The Ford Trimotor was one of the first large passenger planes, and proved its worth with its simplicity, ruggedness, and reliability.
Nicknamed the “Tin Goose,” the Trimotor first flew in 1925, and served in constant use for over 60 years.
For such a limited production run, the Ford Trimotor has a lot of interesting facts and firsts.
Keep reading to find out 10 facts you never knew about the Ford Trimotor!
#10. It was founded / manufactured by the Stout Metal Airplane Company
The Ford Trimotor originated with William B. Stout, who founded Stout Metal Airplane Co. in 1922.
Mr. Stout got Edsel Ford interested in investing, and he eventually bought a controlling stake in the company in 1924, turning it into a division of Ford Motor company in 1925.
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#9. The Ford Trimotor as manufactured at Ford Airport in Dearborn, MI
After purchasing the company in 1924, Ford and Stout built Ford Airport in Dearborn, Michigan. It became one of the first modern airports when it opened in November 1924.
The Stout Metal Airplane Company factory was built there in 1926, and was the first aircraft factory to utilize assembly line production for the Trimotor.
The airport ceased operations in 1947, and exists today as the Ford Dearborn Proving Grounds, the airport and Trimotor factory long since demolished.
#8. The Stout Metal Airplane Division lost money
Sales of the Trimotor peaked at 86 in 1929, but only two were sold in 1932 due to the Great Depression and other, better airplanes coming out around the same time.
The fast pace of aircraft development in the late 1920’s-early 1930’s quickly rendered the Tin Goose obsolete.
Financial losses came out to $6 million dollars, and the continuing economic depression led Ford to close its aircraft division in 1936.
#7. Only 199 Ford Trimotors were made
Production started in 1925 and ended in 1933, resulting in a total of 199 Trimotors manufactured.
There are currently 18 Ford Trimotors left, with 8 being airworthy, 5 on static display, and 5 undergoing restoration.
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#6. It could carry cargo in the wing
The center section of the inner wing on the 5-AT variant could drop down and store cargo.
While not offering much space for luggage, it was mainly used for mail and other cargo.
#5. It was used for some of the earliest International Passenger Flights
Over 100 airlines around the world used the Trimotor for passenger service.
Pan American Airways was an early adopter, using the Trimotor for its first scheduled international flights between Key West, FL and Havana, Cuba.
#4. Pigs can’t fly, but cows can!
The first cow to fly in an airplane was Elm Farm Ollie, flying in a Trimotor from Bismark, MO to St. Louis, MO on February 18, 1930. Ollie also became the first cow to be milked while in flight.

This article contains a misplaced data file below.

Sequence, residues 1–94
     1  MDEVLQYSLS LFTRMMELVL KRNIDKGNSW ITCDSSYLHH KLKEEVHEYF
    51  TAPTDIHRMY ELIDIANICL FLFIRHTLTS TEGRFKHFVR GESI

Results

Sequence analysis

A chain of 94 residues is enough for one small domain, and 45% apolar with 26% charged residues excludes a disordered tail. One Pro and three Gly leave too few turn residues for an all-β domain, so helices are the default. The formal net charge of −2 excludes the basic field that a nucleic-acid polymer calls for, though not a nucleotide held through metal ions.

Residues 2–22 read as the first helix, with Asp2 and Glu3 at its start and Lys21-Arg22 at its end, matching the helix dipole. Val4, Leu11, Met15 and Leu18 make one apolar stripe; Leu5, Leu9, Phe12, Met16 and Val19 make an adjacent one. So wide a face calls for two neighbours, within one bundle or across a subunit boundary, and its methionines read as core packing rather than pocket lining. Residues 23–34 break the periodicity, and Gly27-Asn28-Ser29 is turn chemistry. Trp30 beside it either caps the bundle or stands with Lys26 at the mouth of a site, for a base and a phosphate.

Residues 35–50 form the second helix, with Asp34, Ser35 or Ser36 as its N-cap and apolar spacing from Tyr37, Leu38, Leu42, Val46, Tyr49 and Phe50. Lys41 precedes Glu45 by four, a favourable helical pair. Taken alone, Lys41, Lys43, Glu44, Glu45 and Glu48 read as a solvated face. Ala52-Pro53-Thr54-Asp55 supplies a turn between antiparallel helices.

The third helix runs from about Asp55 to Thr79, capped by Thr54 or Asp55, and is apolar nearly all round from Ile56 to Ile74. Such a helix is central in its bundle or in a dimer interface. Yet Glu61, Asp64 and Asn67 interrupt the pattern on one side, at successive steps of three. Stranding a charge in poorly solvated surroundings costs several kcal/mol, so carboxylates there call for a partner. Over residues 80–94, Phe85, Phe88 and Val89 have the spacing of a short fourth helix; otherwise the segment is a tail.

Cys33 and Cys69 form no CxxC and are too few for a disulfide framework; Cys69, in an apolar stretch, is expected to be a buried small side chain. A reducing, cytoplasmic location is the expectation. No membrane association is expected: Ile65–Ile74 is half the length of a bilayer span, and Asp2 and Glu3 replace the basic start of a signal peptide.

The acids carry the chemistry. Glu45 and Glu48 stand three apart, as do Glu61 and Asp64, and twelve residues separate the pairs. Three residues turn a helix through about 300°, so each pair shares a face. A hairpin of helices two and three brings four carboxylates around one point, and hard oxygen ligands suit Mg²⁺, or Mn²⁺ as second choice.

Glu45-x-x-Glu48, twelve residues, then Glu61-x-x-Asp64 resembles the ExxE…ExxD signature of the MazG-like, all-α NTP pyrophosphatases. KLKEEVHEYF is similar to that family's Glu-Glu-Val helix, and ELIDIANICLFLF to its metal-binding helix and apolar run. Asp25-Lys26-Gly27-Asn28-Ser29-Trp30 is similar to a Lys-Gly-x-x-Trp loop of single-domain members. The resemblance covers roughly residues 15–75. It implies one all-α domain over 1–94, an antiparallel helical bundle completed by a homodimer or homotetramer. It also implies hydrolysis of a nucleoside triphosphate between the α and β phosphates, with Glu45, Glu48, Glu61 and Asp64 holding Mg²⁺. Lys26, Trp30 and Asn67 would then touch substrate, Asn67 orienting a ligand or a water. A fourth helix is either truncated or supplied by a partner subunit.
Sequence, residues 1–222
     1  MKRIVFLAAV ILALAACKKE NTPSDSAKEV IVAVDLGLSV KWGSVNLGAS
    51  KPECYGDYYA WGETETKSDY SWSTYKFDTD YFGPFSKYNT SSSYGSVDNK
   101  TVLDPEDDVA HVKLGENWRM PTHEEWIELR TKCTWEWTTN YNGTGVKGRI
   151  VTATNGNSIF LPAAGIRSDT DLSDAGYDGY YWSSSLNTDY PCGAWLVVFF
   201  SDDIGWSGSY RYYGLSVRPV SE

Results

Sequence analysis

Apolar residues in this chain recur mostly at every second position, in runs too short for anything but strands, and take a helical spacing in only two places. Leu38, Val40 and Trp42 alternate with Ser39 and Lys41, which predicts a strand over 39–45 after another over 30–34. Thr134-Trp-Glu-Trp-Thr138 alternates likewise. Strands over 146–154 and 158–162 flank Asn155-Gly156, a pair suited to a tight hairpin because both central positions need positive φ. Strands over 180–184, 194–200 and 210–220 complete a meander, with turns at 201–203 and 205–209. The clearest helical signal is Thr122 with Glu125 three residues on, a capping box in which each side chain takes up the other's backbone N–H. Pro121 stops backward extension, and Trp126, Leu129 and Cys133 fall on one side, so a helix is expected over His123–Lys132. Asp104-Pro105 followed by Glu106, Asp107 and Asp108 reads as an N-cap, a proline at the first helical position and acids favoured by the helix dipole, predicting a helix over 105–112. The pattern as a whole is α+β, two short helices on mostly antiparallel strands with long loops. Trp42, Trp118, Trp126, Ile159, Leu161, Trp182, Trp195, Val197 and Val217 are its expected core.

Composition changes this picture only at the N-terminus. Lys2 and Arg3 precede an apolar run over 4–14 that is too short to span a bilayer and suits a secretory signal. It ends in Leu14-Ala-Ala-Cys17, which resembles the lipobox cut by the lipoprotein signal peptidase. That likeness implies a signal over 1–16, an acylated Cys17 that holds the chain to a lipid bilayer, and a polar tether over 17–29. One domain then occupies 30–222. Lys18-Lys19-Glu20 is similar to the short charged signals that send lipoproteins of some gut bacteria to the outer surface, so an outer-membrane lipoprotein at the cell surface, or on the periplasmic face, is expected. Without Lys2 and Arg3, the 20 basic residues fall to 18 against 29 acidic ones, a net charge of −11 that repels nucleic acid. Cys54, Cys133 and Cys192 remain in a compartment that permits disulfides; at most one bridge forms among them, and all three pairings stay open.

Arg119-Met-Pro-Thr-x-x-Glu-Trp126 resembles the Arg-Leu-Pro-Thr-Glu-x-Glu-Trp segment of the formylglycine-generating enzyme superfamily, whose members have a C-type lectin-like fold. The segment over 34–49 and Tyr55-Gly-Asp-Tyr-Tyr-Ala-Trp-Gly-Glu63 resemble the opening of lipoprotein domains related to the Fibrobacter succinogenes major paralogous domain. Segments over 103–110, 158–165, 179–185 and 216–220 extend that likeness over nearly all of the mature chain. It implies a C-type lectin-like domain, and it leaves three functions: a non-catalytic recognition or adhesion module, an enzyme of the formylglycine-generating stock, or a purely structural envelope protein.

The milk was put into cartons and parachuted down onto spectators, with Charles Lindbergh supposedly being one of its recipients.
The flight was mostly a publicity stunt, but was also used by scientists to observe midair effects on livestock.
#3. It remained in service for over 60 years
The Trimotor started off in passenger and airmail use, but had a wide variety of missions, from sightseeing to bomber aircraft.
The last Trimotors were phased out of service in the 1980’s, which were being used for sightseeing Grand Canyon and for inter-island air taxi services in Lake Erie, Ohio.
Several of the surviving Trimotors are still airworthy, and scenic flights can be purchased through the Experimental Aircraft Association (EAA).
#2. The shortest airline flight in the world used the Ford Trimotor
The Ford Trimotor was used by Island Airlines, which was based in Port Clinton, Ohio.
Island Airlines served several small islands just off the coast in Lake Erie, none more than 10NM away.
Due to the short distances flown between the islands, Island Airlines was considered the “Shortest Airline in the world.”
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#1. William Stout tried to revive the Trimotor
In the mid-1950’s, William B. Stout bought the rights for the original Trimotor, hoping to develop it further.
Due to licensing issues, however, it was developed using the name “Stout Bushmaster 2000.”
Even though it used modern construction techniques like stressed-aluminum skin and modern engines, the performance was still lacking to contemporary designs and resulted in no sales.
Only two Bushmaster 2000s were built, the first in 1966 and the second in 1985, but the latter was written off in an accident in 2004.